Women Gear Up For Driving Rights

RIYADH, 9 November 2004 — A broad-based coalition of prominent Saudi women has renewed the call for removing the ban on driving, urging government agencies to review the issue on priority basis.

The women are hopeful that the reform process initiated by the Saudi government in different sectors also will cover the subject of driving, and this reform process, while touching the sensitive issue, will eventually change Saudi society’s attitude to women behind the wheel.

The call by women has been made despite a few bizarre accidents of late involving women drivers.

In one instance last week, a Saudi was killed in a car accident involving a woman driver. The accident occurred when the unidentified woman’s car collided with a man’s truck in a desert area in Najran, some 1,000 kilometers southwest of Riyadh, an eyewitness said here Sunday.

“The accident was fatal,” said truck driver Kalamuddin Raki. “The man died, and the woman driver was seriously injured.”

It was not immediately known how the traffic police are handling the woman driver’s case. However, she’s believed to be an offender on two counts — first, that she drove without a license defying the ban on women driving and second, that she had an accident in which a person was killed. The police in Najran region are lodging charges.

“It is a common sight to see Saudi women driving in desert areas, school grounds and residential compounds — at least for fun,” Raki pointed out. His friends agreed.

That is not always the case. Saba Abu Lisan of Riyadh set an unusual example for other ladies when she saved lives by driving seven wounded out of Al-Muhayya Compound following a suicide bombing in November last year.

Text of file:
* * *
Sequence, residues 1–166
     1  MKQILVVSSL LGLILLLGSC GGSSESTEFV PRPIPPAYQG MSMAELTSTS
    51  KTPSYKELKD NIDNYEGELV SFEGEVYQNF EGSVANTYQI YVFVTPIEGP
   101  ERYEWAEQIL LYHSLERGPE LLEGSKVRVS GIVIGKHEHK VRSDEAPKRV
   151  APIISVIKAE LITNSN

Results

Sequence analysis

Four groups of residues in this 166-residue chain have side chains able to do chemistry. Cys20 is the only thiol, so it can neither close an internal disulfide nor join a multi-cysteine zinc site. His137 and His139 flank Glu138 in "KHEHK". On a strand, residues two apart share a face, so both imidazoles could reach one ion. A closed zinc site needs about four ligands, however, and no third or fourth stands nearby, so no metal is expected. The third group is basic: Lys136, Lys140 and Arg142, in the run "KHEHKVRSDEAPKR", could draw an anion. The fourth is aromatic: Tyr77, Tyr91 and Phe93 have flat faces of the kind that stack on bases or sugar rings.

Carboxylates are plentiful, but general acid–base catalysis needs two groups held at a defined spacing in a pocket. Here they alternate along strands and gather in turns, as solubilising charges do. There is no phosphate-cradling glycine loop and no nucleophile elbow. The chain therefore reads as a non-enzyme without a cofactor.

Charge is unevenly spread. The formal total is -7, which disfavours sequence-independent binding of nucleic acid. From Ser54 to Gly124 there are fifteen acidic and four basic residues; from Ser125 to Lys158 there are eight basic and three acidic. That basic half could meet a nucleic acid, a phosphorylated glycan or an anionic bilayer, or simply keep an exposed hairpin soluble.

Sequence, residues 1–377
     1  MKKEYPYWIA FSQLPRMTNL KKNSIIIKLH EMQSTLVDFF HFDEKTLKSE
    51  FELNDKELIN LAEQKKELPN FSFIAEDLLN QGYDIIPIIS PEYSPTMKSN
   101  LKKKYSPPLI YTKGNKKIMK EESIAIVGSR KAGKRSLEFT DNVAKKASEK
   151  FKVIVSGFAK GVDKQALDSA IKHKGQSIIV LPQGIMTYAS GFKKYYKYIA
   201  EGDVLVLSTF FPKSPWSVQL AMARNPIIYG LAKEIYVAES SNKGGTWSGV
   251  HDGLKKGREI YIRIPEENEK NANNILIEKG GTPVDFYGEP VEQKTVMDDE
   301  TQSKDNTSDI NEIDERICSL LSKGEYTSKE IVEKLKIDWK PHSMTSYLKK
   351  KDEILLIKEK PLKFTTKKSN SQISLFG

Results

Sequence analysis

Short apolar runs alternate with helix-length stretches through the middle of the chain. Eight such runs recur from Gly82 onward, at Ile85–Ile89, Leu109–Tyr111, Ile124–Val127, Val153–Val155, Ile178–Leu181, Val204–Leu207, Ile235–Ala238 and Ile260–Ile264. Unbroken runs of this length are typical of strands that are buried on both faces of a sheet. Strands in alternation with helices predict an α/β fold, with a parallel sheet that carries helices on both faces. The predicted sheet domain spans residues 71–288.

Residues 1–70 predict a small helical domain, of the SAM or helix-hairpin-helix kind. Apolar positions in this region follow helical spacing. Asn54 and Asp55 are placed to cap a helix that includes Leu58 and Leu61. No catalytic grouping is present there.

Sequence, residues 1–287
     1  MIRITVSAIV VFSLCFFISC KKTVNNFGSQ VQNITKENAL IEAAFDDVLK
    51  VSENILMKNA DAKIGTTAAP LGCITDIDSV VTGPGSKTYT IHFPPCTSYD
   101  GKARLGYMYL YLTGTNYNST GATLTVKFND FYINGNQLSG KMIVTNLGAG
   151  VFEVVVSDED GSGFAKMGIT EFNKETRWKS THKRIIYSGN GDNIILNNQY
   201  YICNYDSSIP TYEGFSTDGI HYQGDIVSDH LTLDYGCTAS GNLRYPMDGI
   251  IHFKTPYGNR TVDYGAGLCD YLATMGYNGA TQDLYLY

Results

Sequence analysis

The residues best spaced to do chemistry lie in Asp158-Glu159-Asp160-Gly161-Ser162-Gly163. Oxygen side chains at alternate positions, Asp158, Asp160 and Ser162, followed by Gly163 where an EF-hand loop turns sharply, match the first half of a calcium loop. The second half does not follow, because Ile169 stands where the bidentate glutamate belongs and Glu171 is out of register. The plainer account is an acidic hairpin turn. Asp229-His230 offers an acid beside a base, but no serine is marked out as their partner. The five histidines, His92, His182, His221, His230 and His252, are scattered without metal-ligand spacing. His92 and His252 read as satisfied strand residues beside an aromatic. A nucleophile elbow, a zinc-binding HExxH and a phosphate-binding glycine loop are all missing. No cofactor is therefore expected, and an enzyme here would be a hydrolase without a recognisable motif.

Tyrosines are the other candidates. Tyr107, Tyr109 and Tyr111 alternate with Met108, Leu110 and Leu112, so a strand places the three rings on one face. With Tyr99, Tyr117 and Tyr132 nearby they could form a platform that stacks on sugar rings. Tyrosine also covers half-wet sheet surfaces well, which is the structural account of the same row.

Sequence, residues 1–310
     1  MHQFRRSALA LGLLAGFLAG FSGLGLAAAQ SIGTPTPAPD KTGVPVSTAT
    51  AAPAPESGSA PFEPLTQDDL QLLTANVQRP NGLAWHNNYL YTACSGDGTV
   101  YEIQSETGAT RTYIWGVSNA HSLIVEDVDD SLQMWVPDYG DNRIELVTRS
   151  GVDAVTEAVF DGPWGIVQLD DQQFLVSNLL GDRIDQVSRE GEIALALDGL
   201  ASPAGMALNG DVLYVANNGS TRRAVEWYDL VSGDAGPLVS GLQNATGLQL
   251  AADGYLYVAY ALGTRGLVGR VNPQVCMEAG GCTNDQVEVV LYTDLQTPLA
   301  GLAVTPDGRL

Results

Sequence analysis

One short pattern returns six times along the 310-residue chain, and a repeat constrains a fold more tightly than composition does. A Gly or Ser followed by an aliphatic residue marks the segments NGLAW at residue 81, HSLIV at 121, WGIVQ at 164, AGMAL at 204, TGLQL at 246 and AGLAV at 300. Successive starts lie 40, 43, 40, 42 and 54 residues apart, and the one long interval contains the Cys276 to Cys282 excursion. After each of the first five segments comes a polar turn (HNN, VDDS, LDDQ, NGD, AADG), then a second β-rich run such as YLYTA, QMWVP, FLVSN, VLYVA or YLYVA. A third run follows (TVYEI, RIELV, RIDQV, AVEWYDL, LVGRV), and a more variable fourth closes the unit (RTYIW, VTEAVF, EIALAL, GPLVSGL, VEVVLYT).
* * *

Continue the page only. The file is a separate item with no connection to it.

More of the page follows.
Had it not been for the Saudi woman’s driving skills, many of those injured would not have survived.

“Women in Saudi Arabia should and must drive,” said Dr. Amira Kashgary, a professor of linguistics at the College of Education at King Abdul Aziz University in Jeddah. The ban has “economic and social implications for working women. It is now a necessity to drive and lifting the so-called ban on driving does not mean that all women will jump on the roads, let the authorities be selective in terms of giving permission. More than 70 percent of Saudi women drive themselves when they go abroad.”

“Priorities are changing for women of this country,” said Noura Al-Sowaiyan, vice president of a local charity. “We are demanding many other rights, and we are hopeful that the right to drive will also be given to women. It is a right that I will continue to demand.”

“I wish the government study the issue on priority basis and allow women to occupy the driver’s seat,” said psychotherapist Madeeha Al-Ajroush. “The ball is in the government’s court.”

She lauded the reform initiatives of the government, which is now issuing separate identity cards for women.

“Driving for women in this country is not a luxury rather it is a necessity,” said Dr. Hatoon Al-Fassi, assistant professor of history at King Saud University.

Almost all women contacted by Arab News, however, urged the government to review the issue on a priority basis. They said that a number of Saudi girls studying abroad drive themselves to their universities, while here in Saudi Arabia, families are compelled to hire foreign drivers to take female family members from one place to another.

Although, the Ministry of Interior has reiterated that the permission for the women to drive is “out of question for the time being,” the issue is being widely debated in the local press.

Senior religious scholars have expressed their opinions. They have also issued fatwas on the issue with some saying that it is sinful for women to drive and that such acts would open doors to corruption and destruction of family values.

“Even if the government allows women to drive, not all women will suddenly come to roam the streets,” said Laura Collins, a business consultant. “Let there be a choice to drive, and let the family of a woman decide whether or not to allow a particular woman member to hold the steering wheel.”

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